I recently went on a tour of the Southern United States along with my wife and child. Here follows the first installment of that journey on the road.
Part 1: Packing
My wife has never been a person who packs light. It doesn't matter where it is we're going. Going "camping" in the past has been an exercise in moving everything we own from inside of our home...and taking it out into the woods.
This was to be our first significant trip with our new child, and we were to be gone for over two weeks, so I was somewhat nervous about the amount of stuff my wife would pack. My eldest sister is pretty amazing when it comes to packing (working as a Peace Corps volunteer and with the UN has taught her to be able to move quickly and lightly when traveling), and when she had her first child, I saw how much more even she packed.
My wife and I ended up filling a large sedan completely full of things, leaving little space for the three of us. We had packed about 100 diapers, a diaper bag, breast pumps, a Pack n' Play, three coolers, clothes, a stroller, various text books, electronics, my tools, etc. It took me maybe an hour to pack everything and load the car up.
I used to work delivering furniture. I can pack a vehicle. But this particular job took the better part of a morning to do.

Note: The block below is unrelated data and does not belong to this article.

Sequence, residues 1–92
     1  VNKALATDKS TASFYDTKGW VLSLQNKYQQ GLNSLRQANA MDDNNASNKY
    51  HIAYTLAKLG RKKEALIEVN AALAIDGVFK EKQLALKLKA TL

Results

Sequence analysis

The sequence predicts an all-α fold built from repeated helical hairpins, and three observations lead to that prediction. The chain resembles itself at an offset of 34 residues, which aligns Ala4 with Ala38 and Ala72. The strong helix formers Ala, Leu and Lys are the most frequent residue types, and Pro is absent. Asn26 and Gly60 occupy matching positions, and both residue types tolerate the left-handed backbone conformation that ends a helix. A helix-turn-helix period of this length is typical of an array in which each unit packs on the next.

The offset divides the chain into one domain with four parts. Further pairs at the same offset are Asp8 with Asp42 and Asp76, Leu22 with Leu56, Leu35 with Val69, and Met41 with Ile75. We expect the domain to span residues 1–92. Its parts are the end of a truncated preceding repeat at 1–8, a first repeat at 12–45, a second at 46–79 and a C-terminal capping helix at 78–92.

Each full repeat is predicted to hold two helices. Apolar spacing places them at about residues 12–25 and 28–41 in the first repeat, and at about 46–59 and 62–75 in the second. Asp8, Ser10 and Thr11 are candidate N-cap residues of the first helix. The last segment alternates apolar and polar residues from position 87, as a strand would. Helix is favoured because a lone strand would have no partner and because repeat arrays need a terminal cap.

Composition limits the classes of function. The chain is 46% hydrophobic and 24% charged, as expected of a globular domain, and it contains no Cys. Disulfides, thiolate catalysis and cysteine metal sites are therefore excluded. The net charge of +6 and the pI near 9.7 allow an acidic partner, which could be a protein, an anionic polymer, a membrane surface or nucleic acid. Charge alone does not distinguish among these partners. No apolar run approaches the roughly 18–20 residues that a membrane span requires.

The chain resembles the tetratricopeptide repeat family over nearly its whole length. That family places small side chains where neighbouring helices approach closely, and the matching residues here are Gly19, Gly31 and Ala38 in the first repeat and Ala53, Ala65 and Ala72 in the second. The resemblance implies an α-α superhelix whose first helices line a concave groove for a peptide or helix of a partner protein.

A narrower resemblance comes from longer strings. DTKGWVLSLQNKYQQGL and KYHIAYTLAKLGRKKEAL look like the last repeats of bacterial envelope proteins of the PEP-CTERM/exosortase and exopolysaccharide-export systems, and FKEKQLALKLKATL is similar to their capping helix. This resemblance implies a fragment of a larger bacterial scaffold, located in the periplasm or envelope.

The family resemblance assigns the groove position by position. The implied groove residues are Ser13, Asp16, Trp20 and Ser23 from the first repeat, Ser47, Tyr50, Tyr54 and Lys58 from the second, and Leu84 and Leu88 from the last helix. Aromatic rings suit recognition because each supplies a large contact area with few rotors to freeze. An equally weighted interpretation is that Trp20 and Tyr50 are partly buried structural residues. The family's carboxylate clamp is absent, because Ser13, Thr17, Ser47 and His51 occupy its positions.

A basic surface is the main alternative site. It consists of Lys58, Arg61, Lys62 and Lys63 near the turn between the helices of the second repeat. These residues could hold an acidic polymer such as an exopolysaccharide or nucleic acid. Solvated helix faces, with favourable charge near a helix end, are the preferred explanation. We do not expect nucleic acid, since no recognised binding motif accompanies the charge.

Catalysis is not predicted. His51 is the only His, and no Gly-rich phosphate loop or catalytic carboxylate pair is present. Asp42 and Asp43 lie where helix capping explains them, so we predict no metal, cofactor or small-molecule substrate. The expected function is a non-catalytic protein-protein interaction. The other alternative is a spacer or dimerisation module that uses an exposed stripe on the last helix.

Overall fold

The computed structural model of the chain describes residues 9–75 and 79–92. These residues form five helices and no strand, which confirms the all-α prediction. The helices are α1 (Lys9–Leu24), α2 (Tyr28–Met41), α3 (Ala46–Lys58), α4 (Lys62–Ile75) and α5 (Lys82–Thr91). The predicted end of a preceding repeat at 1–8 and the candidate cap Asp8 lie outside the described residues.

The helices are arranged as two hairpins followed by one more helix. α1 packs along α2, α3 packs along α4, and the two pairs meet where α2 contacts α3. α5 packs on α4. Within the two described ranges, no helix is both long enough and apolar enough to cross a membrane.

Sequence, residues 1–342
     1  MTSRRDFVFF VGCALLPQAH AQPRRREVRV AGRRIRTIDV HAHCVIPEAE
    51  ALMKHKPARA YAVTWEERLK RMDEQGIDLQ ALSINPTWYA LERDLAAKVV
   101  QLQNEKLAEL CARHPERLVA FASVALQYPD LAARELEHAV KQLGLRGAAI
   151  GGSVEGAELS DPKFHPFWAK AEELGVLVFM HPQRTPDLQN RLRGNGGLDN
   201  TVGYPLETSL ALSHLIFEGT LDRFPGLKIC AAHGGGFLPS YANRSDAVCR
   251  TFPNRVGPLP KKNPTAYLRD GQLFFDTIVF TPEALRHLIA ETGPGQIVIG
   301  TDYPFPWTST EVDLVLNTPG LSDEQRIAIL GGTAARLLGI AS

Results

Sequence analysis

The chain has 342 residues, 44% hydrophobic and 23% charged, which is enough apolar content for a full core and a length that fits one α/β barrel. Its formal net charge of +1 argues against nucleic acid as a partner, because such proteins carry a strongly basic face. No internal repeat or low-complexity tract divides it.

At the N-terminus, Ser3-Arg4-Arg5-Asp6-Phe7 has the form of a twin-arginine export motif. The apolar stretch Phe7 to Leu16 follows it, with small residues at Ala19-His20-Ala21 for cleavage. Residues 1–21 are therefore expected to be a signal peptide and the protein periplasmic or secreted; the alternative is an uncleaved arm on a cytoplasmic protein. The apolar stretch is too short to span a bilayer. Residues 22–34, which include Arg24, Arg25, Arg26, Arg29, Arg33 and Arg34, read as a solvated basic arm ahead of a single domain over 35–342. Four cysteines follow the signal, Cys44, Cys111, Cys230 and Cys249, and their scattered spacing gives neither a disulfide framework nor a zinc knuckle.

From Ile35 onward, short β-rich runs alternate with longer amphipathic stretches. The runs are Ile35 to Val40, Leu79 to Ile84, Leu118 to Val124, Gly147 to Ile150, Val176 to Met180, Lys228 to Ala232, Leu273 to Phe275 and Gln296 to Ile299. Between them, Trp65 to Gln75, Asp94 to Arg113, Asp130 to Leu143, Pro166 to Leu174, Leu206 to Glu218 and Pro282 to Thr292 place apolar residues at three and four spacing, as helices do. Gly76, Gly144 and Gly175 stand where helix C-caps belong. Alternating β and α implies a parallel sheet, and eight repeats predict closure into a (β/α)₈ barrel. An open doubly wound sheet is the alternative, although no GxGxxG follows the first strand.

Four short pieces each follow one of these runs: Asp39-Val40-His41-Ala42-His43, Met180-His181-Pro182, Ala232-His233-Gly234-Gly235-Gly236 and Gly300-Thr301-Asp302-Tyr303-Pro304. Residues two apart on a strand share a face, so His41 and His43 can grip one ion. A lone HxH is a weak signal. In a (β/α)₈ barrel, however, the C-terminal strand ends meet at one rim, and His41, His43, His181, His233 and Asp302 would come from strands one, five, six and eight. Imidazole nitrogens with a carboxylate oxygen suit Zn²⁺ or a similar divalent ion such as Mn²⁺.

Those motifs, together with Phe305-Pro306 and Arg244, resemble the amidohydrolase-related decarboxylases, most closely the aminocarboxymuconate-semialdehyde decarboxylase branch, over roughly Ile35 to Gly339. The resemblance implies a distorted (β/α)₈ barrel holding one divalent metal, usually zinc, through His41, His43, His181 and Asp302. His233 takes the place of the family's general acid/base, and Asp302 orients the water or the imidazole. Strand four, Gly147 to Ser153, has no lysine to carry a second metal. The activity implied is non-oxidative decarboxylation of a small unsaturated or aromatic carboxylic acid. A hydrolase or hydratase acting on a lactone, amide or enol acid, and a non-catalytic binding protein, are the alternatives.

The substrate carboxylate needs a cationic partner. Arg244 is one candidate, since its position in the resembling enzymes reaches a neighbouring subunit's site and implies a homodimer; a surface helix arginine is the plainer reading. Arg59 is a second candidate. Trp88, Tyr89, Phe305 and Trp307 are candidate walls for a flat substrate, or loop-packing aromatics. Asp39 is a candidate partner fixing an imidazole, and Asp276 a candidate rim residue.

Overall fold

I personally have an internal schedule when traveling that I try to stick with. My goal is to always maintain a mile-a-minute average—at the slowest—while traveling on the interstate. This time accounts for all gas station, restroom, and food breaks. It became increasingly difficult to maintain this average when I started traveling with my wife. She wanted to stop more often than I did (I once made it from Charleston to Michigan only stopping once for gas, and got mad at myself for having to use the restroom before I made it to my destination. I still made great time on that trip). Even leisurely trips to sight see, taking interesting roads along the way, I managed to keep to a schedule, albeit a more flexible one.Those trips also changed once I got married (no more sliding the back end of a car around mountain roads), becoming more like sight seeing trips to Loretta Lynn's Country Ranch
Loretta Lynn's house in Hurricane Mills, Tennessee
My friends and family warned me that traveling with a child would require much more frequent stops. They told me of trips that used to take them 5 hours by car now taking 8 and half hours. I attempted to plan ahead in order to save time—I made sure the car was packed, it had a full tank of gas, and that my wife and I had snacks and drinks (caffeine) to keep us going. Our first leg of the trip was only to Greenville, but I was already wary that that 213 mile trip would take longer than the average 3 and a half hours.